The rain did not let up over Asbury Park when Irish post-punk newcomers Fontaines D.C. swung by The Stone Pony for a sold out show on October 5. The gloominess of the overcast was a perfect complement to the band’s dreary, dark tunes.
Formed in Dublin in 2017, the band consisting of guitarists Carlos O’Connell and Conor Curley, bassist Conor Deegan III, drummer Tom Coll, and vocalist Grian Chatten has been on a ferocious rise to fame. Their debut album, Dogrel, was released in 2019 and won the Mercury Prize. Then they followed that up with 2020’s A Hero’s Death which earned them a Grammy nomination for Best Rock Album. And on their third album, Skinty Fia, from earlier this year? It reached No. 1 on the UK and Irish album charts.
This show was originally supposed to be held at The Wonder Bar, but the tour was postponed, which saw the band grow even more, so the rescheduled date so a venue upgrade. The Stone Pony it was. Their crowd was very fashion-forward, including two young punks – Josh and Declan – who came to see “one of the best bands out of Ireland.” Cheers to them for having great taste.
Photos by Raymond Romanski
Opening for Fontaines D.C. was another young band out of the UK named Wunderhorse. Helmed by singer-songwriter Jacob Slater, he and three accompanying musicians hit the stage at 8:00 p.m. Hidden behind a thick haze, the band played a blend of shoegaze and punk for a strong half- hour set. Jacob and his guitarist played TelecastersStandouts from their set including their single “Leader of the Pack,” and their final song, which saw Jacob shouting for his mother to “look him in the eye.” The song began with a lone guitar and snare, then swelled in intensity. He ended that song with a powerful, hearty final scream before walking offstage to droning feedback from their amps. Great set. For less than a year since formation, they’ve got some chops.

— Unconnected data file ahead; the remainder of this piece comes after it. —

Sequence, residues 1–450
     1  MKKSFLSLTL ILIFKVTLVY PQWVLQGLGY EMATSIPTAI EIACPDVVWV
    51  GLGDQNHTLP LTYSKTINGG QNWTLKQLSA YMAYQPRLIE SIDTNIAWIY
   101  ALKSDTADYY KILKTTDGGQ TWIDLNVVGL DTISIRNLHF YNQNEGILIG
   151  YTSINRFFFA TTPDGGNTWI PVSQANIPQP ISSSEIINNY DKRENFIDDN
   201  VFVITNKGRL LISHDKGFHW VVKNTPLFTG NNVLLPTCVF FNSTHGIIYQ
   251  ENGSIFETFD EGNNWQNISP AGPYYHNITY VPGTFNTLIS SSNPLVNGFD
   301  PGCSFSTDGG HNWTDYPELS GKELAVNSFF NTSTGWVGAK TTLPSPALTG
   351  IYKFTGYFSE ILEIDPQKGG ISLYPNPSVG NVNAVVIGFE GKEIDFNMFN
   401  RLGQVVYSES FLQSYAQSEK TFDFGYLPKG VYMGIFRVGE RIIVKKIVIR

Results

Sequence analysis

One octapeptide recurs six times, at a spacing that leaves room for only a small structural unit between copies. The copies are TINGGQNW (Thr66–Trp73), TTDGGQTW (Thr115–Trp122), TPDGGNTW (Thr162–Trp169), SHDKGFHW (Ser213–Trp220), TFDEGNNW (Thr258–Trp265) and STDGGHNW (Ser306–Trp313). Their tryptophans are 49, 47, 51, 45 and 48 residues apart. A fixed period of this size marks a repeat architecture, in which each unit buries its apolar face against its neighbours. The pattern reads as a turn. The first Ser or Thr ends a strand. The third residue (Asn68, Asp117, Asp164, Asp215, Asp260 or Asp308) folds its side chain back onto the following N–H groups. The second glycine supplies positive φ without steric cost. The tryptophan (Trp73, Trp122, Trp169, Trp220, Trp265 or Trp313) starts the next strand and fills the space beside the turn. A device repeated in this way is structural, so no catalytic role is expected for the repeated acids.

Fontaines’ stage setup was pretty simple: a few micstands, a drumset, and an Irish flag. They hit the stage and struck up “Televised Mind,” a bass-heavy punkish jam from A Hero’s Death. Grian was wearing a NASCAR shirt for driver Rusty Wallace and danced around the stage with a tambourine. The comparisons between Grian and Joy Division’s singer Ian Curtis are astonishing, because he has the voice, mannerisms, and frenetic energy of Ian Curtis. (Some of the photographs I captured of him are surreal.)
Photos by Raymond Romanski
Following that, the band played “A Lucid Dream” and “Hurricane Laughter.” The five members of Fontaines D.C. are a well-oiled machine; every note sounded like their studio recordings and their ability to focus on stage is worth noting. Conor’s thrumming bass on every song reminds me of Peter Hook from Joy Division and New Order.
Their set included a healthy mix of all three albums, including fan favorites of “I Don’t Belong,” “Too Real,” “How Cold Love is,” and “Skinty Fia.” For the duration of their set, Grian shimmeyed across the stage with restlessness. He picked up the tambourine for several songs (and threw it down when he was done with it).
The last three songs were a brawny lineup – “A Hero’s Death,” “Jackie Down the Line,” and the encore of “I Love You.” They only played for an hour, but not a second of that time wasn’t productive. Fontaines D.C. is the best of post-punk in recent years for a multitude of reasons. Firstly, their music is in a time capsule from 1982. Additionally, their nonchalant attitude to their success is very punk of them. I mean, the lead singer wore a NASCAR tee and Adidas track pants for a sold-out show! Looking past appearance and focusing on their musicianship, Fontaines D.C. is an impressive quintet with a bright future barreling toward them.